Good morning. This is how the sky looked just after I woke up this morning. After the long pause that is the weeks around the solstice, I can feel the light shifting toward autumn, just a little. Which feels a bit off, because July has been uncharacteristically cool and cloudy, so part of me is still waiting for summer to fully arrive. But then we have a couple of days like this last weekend, when it was 80 degrees and sunny and my bones soaked in the heat and it felt so good to get rid of the jeans in favor of a lighter layer. And I remember how there’s an ease and a sweetness that comes with the slightly shorter days, how the heat of the day gives way to a summer night. In early summer, I’m asleep before sunset but a summer night is something to savor… a reminder to savor it all, really.
I spent a good portion of this past weekend playing with natural dyeing for the first time. Equal parts thrilling and humbling, as I suppose any new craft should be. I experimented with two dye plants I could collect from our property – Oregon grape and rhubarb. The Oregon grape was my first experiment – the left half in the photo above. After producing a satisfying shade of yellow on my four mini-skeins, I tried a few modifiers to see what other shades I could create, and managed instead to turn three of them back to a muddy version of the natural I started with. Call it a good lesson in the effects of acidity.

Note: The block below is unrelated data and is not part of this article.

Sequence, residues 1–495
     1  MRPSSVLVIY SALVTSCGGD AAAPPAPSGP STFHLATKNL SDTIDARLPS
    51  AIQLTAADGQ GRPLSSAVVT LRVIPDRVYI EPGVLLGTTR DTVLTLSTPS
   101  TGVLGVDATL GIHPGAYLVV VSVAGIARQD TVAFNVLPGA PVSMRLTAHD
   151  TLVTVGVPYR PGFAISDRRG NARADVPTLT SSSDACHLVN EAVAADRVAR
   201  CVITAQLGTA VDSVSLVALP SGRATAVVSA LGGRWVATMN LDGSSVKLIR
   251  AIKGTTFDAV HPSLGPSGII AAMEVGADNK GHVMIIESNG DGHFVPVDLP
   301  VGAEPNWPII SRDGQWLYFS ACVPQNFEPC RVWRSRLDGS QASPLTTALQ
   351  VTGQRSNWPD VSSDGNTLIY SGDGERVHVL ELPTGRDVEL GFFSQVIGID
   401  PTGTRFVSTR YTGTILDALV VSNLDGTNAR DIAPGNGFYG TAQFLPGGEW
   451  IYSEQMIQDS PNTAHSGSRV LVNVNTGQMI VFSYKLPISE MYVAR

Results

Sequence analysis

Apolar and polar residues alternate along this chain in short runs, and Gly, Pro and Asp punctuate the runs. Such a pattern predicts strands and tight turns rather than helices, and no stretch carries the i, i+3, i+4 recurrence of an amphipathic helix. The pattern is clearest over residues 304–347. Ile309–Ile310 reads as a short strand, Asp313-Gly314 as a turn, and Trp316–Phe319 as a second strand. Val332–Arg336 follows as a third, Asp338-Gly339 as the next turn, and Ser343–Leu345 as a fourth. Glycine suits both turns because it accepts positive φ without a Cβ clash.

Rhubarb root was my second attempt, on the right above. I got more of a beige than the orange I was hoping for from my initial dye, I’m guessing because the temp got too high. But a range of alkaline modifiers gave me orange and pink undertones to the beige, which felt like glorious triumph after the Oregon grape.
In other homestead news, the chickens are charming and full of entertainment and surprisingly difficult to photograph. Our most recent delight has been feeding them wild berries from the brambles around the edge of the yard. Potential egg-laying is still a few months off, but I have caught myself imagining the joy of our own eggs while I cook my breakfast in the morning, so it feels a tiny bit more real.
PS – For those of you who suffered the glitch of the last post publishing many, many times – I’m sorry! Fingers crossed that it’s sorted now.